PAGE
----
Nashville is an easily digestible collection of light pop songs, but there’s more than enough emotional weight to give it substance.
Subtítulo reflects Rouse’s shift to Spain; following his artist girlfriend Paz Suay to Valencia on the Mediterranean coast. Musically, Rouse describes it as a “nylon string guitar and voice album” while Suay contributes charming backing vocals on ‘The Man Who…’. Clocking in at a mere ten tracks and thirty three minutes, Subtítulo does feel slight; even the thematically darker tracks like ‘Givin’ It Up’ and ‘El Otro Lado’ go down relatively easily musically, while the happier tracks like the incandescent ‘It Looks Like Love’ and the Fender Rhodes groove of ‘His Majesty Rides’ are bathed in sunlight.
The only thing that separates ‘It Looks Like Love’ from being a slick soft rock hit from mid-1970’s AM radio are the snidely provocative lyrics. Similarly, the opener ‘Quiet Town’, sounds like Rouse really is channelling David Gates, and the string drenched ‘Wonderful’ also mines retro soft rock. ‘Givin’ It Up’ and ‘His Majesty Rides’ lay down sunny grooves, even when the subject is Rouse’s alcoholism in the former.
Subtítulo feels lightweight with its short length and sunny feel, but it’s another high-class collection of songs from Rouse.
She’s Spanish, I’m American (EP)
She’s Spanish, I’m American was released while my wife and were dating, and I always thought that if we’d released an EP together, we could have called it She’s Baptist, I’m Presbyterian. A 5 song EP in collaboration with girlfriend Paz Suay, it’s an interesting release in Rouse’s discography, as it goes further towards pure pop than anything else that Rouse has released; there’s more aural candy and less acoustic guitar than any other Rouse release. An artist by vocation, Suay provides vocals on most of the tracks, and her voice is probably too thin to carry an album by herself, it works nicely in conjunction with Rouse.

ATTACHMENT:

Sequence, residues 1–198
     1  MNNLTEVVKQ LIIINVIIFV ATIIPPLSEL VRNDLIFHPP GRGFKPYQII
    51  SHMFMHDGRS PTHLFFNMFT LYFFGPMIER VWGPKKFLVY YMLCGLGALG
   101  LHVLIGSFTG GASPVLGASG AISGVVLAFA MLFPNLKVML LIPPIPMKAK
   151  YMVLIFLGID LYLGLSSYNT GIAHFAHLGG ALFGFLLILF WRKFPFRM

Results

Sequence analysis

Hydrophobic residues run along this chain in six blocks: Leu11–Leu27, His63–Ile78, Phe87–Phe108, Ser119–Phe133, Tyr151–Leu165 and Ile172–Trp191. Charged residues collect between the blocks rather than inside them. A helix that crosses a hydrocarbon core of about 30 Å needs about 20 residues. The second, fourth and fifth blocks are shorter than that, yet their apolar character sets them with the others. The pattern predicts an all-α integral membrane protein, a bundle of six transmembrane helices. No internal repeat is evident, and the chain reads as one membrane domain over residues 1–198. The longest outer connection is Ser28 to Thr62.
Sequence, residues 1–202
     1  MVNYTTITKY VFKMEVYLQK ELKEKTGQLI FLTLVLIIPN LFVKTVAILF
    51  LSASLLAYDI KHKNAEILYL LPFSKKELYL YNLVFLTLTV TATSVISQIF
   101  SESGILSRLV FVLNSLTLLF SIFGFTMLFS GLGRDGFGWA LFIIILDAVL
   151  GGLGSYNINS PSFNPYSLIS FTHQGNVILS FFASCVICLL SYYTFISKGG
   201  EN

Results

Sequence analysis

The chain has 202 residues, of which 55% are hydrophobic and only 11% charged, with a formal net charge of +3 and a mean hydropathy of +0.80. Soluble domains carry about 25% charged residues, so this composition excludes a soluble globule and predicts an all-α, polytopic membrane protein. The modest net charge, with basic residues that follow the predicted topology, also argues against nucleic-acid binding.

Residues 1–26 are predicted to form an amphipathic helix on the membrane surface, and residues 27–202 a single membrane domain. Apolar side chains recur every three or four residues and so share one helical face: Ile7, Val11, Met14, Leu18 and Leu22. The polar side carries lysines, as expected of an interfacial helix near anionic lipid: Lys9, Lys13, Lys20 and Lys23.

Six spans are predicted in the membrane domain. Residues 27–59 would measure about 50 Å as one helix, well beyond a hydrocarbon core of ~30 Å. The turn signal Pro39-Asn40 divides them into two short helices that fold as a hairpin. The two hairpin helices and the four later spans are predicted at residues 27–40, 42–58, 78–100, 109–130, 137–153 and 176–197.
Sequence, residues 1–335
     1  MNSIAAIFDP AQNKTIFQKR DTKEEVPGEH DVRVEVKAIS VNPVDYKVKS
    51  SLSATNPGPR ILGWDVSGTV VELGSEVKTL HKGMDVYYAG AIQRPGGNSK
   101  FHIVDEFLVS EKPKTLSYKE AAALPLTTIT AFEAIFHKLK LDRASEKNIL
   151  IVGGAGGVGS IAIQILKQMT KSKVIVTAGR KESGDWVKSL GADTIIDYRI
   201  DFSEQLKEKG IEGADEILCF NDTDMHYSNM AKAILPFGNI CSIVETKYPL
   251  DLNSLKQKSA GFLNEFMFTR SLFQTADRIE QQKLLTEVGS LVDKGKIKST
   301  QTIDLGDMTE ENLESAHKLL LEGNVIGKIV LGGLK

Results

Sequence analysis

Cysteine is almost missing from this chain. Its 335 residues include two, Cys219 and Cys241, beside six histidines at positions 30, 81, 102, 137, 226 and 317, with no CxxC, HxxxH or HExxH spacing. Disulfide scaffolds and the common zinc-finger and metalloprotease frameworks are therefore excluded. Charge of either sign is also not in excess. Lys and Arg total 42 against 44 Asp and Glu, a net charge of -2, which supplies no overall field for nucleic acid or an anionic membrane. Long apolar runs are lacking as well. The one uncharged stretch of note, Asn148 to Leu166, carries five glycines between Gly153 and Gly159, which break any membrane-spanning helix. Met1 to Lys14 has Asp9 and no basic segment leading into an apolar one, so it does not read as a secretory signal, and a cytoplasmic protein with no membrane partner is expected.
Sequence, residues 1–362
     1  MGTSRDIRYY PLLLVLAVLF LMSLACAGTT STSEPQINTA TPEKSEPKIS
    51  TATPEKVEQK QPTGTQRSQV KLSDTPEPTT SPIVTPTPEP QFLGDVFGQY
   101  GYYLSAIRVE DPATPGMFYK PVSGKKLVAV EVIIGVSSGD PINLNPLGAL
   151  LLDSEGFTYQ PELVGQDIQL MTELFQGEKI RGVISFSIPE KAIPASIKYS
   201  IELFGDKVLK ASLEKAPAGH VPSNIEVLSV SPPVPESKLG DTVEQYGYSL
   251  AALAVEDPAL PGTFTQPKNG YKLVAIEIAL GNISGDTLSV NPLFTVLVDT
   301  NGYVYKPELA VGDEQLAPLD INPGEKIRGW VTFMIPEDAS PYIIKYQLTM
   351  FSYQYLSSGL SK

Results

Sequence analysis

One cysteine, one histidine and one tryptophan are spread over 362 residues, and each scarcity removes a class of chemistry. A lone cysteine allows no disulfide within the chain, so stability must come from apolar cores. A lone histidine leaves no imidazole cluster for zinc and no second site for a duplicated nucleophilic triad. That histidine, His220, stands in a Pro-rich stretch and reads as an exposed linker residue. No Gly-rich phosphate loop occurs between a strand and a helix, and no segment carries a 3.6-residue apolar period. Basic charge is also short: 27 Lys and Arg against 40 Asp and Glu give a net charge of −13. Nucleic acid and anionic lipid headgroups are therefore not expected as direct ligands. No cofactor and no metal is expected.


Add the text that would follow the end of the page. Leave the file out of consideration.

There are lots of pretty pop hooks like the opening ‘Car Crash’ and ‘Jon Jon’. ‘These Long Summer Days’ has beautifully harmonised choruses and a pretty clipped melody, and it’s the highlight of the disc. Don’t expect anything profound, but She’s Spanish, I’m American has plenty of enjoyable ear candy; in hindsight it’s a shame that some of these songs weren’t held over to boost 2007’s disappointing Country Mouse, City House album.
Country Mouse, City House
Josh Rouse wrote nine songs for Country Mouse, City House, and by my count only four of them are worthwhile. While there’s a trace of nylon string guitar of Subtítulo, it feels more like a grab bag of leftovers from earlier Rouse projects; two of the strongest tracks, ‘Italian Dry Ice’ and ‘Hollywood Bass Player’, have subtle grooves that could have come from 1972.
The opening ‘Sweetie’ is pretty and sentimental, and Rouse uses his yearning voice to good effect, while the gentle Fender Rhodes groove of the closer ‘Snowy’ is my favourite song on Country Mouse, City House. But the middle stretch of the album is a tough slog – lots of generic songs with pretty arrangements, like ‘Domesticated Lovers’ and ‘Nice To Fit In’.
Country Mouse, City House hits enough different styles that it’s entertaining, but it sags badly in the middle and it feels lightweight next to Josh Rouse’s best work.
2010, not yet rated
I haven’t lived with El Turista long enough to rate it yet; it’s pretty and acoustic, but I need some time to figure out how substantial it is.
Josh Rouse and the Long Vacations
2011, not yet rated
I didn’t realise this was a full album until I started compiling this page; I guess I should check it out sometime.
The Happiness Waltz
2013, not yet rated
I like this album so far – feels like Rouse’s best for quite some time.
The Embers of Time
2015, not yet rated
Ten Favourite Josh Rouse Songs
Come Back (Light Therapy)
Christmas With Jesus
Parts and Accessories
Winter in the Hamptons
My Love Has Gone
Under Cold Blue Stars
It Feels Like Love
Return to 2000s Reviews
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Aphoristic Album Reviews is almost entirely written by one person.
Graham Fyfe is probably the only music blogger to appreciate both Neil Diamond and Ariana Grande. Based in Fleet Street (New Zealand), he's been writing this blog since around 2000. Aphoristic Album Reviews features reviews and blog posts across a growing spectrum of popular music.